Music Organizations Collaborate to Present the Famous “Carmina Burana”

Carl Orff’s exciting “Carmina Burana” is scheduled for 8 p.m. May 2 in Ophelia Parrish Performance Hall. The first movement has appeared in hundreds of film scores and commercials. This presentation will cover the entire, 52-minute work presented in it’s “chamber” version with choir, percussion, duo pianists and soloists.

The performance will be a collaboration of Cantoria, University Chorus and the Percussion Ensemble. They will be joined by pianists Janet Coggins and Megan Reilly; soprano Jacqueline Collett, professor of music; baritone Ronald Witzke, director of opera and voice professor from William Jewel College; and tenor Thomas Hueber, professor of music (singing the role of the roasting swan); led by conductor Mark Jennings, assistant professor of music and director of choral activities.

“Carmina Burana” is one of the most frequently performed major works in the choral repertoire. The famous first movement is repeated at the end, creating a cyclic form. The poems were drawn from a collection of 13th century secular poems discovered in 1803 at the Benediktbeurern Abbey in Bavaria. Orff set 24 of these poems, drawing out some common themes of human nature: envy, anger, love, lust, joy and pain.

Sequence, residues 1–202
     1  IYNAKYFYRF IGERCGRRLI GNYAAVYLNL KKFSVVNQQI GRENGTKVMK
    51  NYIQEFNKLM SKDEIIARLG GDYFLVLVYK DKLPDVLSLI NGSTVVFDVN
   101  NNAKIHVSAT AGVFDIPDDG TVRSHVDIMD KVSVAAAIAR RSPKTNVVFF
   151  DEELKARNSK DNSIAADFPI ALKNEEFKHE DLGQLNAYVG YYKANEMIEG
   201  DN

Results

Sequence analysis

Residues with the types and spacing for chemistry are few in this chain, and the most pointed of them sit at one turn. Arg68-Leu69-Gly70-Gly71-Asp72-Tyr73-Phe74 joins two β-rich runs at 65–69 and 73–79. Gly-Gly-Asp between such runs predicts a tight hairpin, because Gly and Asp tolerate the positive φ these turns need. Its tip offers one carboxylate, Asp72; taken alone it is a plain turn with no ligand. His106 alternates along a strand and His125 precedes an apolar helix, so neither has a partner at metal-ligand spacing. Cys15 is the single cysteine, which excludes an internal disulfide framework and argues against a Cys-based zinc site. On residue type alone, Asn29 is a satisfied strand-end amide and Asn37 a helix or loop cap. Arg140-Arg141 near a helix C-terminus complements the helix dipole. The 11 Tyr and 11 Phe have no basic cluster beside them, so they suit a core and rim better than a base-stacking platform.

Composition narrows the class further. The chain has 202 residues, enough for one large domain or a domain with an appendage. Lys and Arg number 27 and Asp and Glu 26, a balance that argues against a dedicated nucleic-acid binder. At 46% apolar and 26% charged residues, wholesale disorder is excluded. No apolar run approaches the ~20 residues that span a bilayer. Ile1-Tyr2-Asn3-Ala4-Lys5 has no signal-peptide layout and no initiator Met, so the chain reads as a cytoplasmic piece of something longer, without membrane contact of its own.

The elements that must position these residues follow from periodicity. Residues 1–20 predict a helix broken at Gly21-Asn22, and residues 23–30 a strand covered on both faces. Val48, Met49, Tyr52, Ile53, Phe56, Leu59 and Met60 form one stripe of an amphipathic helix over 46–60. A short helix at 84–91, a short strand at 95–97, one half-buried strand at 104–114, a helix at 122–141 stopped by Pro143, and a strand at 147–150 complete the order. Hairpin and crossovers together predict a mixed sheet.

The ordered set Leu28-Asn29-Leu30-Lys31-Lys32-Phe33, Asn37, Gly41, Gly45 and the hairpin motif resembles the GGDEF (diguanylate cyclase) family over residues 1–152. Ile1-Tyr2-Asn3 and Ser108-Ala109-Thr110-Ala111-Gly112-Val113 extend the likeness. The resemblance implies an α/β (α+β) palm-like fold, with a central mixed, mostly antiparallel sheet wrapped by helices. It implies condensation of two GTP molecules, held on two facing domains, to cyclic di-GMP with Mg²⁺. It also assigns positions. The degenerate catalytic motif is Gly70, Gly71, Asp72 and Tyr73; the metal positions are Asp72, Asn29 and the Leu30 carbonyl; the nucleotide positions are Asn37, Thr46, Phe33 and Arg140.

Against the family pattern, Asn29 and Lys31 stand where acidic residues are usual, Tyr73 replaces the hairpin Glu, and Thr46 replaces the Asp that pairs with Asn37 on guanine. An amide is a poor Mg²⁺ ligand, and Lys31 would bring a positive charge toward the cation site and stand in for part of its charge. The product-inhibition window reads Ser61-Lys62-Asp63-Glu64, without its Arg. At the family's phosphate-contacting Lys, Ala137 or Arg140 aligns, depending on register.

In his settings, Orff employs vigorous and driving rhythms and beautiful melodies, uses humor and satire as well as sentimentality, and draws out an array of emotional states. The popularity of this piece attests to Orff’s success in his efforts.

The performance is free and open to the public. Contact Mark Jennings at for more information.

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